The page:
We aimed to make a transgenerational place where older people can take a seat and young once can play, jump make parkour and others can take some beer or coffee outside to relax. The combination has our installation as a result. Furthermore we have the greenhouse to keep our moral high. It was the first thing we installed because we know that during the periode of the Biennale it is still cold and there is a big chance of rain. Next to it we have our workshop and behind you can see our ‘hypermateriothèque’, which is made of leftovers which I gathered from nearby companies during three weeks proceeding the construction. I first called to hear what they had, we came to pick it up only the day before constructing and only the materials we needed to avoid to leave the plot as it was before; a vacant plot with garbage. This was only possible since we had an idea of what to construct developed together with the students of Institute de Beau-Art in Saint-Etienne.
We had already a fine idea of what is available to be reused because those materials were used in the previous biennale.
… the conversation gets paused by an association from the neighbourhood whom proposed to collaborate…
The whole process of constructing and activating this ‘vacant lot’ took place organically, I will sketch you our timeline how we proceeded. In the beginning of February I was calling all the factories to ask to leave the leftovers aside until we would start constructing. I called to understand what they had in stock. The day before the construction started I rented a truck to pick all the building material and to bring it here.
L: Some material comes back in other exhibitions of the biennale. For example these ropes. Is the company that produces those ropes nearby?
J: No, actually there are quite some climbing rooms in Saint-Etienne because of the proximity of the Alpes. Every six months the company taking care of the those climbing infrastructures needs to replace the ropes. Before the ropes were supposed to be sold to Africa but instead for years someone stole those loads that were to be shipped. After that scandal we were offered a big load of ropes which are now stocked in our studio. When we started the design with the students, the ropes, of course pallets and these tubes were at the top of the list of materials to be used. The tubes were also reused at the last biennial that’s why we knew were to get them. The flooring are the leftovers of the Detroit exhibition which was offered by the scenographer of the biennial who lives in this street. The irregular forms of these leftovers are now used during workshops with the kids of the neighbourhood. Last Tuesday we finished the structure. The finishing of the details will take place during each workshop in the coming month.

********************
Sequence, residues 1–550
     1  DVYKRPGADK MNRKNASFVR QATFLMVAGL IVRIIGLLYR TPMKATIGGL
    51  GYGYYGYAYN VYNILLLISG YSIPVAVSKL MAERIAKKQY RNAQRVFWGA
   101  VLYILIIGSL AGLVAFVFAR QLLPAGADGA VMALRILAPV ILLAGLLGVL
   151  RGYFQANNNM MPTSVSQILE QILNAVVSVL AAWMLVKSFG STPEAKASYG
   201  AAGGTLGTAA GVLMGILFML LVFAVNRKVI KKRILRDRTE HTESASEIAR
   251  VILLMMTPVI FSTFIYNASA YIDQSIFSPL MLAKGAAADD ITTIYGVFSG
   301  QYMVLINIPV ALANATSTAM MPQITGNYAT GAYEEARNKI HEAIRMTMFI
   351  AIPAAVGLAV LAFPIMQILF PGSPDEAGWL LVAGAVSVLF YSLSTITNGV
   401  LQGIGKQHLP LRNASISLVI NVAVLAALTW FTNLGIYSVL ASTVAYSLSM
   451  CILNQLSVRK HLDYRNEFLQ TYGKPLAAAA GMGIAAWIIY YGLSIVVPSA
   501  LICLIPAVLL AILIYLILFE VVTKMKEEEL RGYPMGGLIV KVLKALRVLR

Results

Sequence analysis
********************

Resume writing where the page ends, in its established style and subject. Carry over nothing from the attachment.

We constructed together with the kids the poultry run but a neighbour complained about the aesthetics of it. We invited him to come and fix. The next day he finished the details.
Our goal was to create a public space but more we wanted to create relationships. Our presence at the site during good and bad weather made us get the respect and meet our neighbours.
L: Could elaborate what were/are the biggest challenges of the project?
J: People like what their seeing, take pictures and tell us how magnificent it is. But basically what this place does not communicate is the process that proceeded it. This top down process’ does not provide the structural support a cultural institution/centre has for the organisation of events. We learned out of this experience that 80% was meetings, 20% of our time went into building the place. Now it is constructed, we are spending time to activate the place, which is completely on a volunteering base. I talked during this festival with a colleague of mine from Detroit and she explained that she spends 50% of her time looking for funds for her designs. She realised it was better to collaborate with institutions that have the structural budget for the organisation. The challenge for us is how to make these bottom up processes framed and transparently communicated. What we are trying to do is to make urban space shared, although we do it in less conventional ways, we believe it caries the same goals of public authorities. Here we built a frame where everybody can participate in creating this shared space together.
L: As a Human Citizen, what would be your advice?
J: Be humble, do not be selfish and valorise all the people equally. Take care of the whole team, because it is this relationship that creates new relationships in the neighbourhood. The same you should be towards the community you work with. You are not giving them aesthetics but you are creating together a shared space.
L: What is your biggest dream for the future?
J: Today was my dream, I am happy to be here on such a sunny day.